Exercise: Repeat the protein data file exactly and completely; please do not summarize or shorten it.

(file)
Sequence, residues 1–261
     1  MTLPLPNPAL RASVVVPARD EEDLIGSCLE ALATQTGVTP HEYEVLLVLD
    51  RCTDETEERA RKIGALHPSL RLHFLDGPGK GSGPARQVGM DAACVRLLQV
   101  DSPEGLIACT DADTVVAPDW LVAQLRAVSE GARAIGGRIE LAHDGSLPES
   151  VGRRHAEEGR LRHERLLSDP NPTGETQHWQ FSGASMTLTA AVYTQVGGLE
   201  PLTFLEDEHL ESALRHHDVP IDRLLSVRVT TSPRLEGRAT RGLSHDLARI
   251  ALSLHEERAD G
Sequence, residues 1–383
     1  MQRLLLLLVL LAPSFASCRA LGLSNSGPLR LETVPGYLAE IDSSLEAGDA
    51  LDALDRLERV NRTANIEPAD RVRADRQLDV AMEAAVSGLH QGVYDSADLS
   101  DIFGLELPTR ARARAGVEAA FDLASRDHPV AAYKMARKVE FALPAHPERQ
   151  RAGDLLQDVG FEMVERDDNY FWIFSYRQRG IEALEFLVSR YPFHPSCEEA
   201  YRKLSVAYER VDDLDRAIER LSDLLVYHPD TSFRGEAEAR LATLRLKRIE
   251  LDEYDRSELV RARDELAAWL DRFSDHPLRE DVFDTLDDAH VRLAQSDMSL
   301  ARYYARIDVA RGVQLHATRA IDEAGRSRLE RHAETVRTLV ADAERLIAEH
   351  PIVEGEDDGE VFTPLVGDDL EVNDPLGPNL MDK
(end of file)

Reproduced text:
Sequence, residues 1–261
     1  MTLPLPNPAL RASVVVPARD EEDLIGSCLE ALATQTGVTP HEYEVLLVLD
    51  RCTDETEERA RKIGALHPSL RLHFLDGPGK GSGPARQVGM DAACVRLLQV
   101  DSPEGLIACT DADTVVAPDW LVAQLRAVSE GARAIGGRIE LAHDGSLPES
   151  VGRRHAEEGR LRHERLLSDP NPTGETQHWQ FSGASMTLTA AVYTQVGGLE
   201  PLTFLEDEHL ESALRHHDVP IDRLLSVRVT TSPRLEGRAT RGLSHDLARI
   251  ALSLHEERAD G
Sequence, residues 1–383
     1  MQRLLLLLVL LAPSFASCRA LGLSNSGPLR LETVPGYLAE IDSSLEAGDA
    51  LDALDRLERV NRTANIEPAD RVRADRQLDV AMEAAVSGLH QGVYDSADLS
   101  DIFGLELPTR ARARAGVEAA FDLASRDHPV AAYKMARKVE FALPAHPERQ
   151  RAGDLLQDVG FEMVERDDNY FWIFSYRQRG IEALEFLVSR YPFHPSCEEA
   201  YRKLSVAYER VDDLDRAIER LSDLLVYHPD TSFRGEAEAR LATLRLKRIE
   251  LDEYDRSELV RARDELAAWL DRFSDHPLRE DVFDTLDDAH VRLAQSDMSL
   301  ARYYARIDVA RGVQLHATRA IDEAGRSRLE RHAETVRTLV ADAERLIAEH
   351  PIVEGEDDGE VFTPLVGDDL EVNDPLGPNL MDK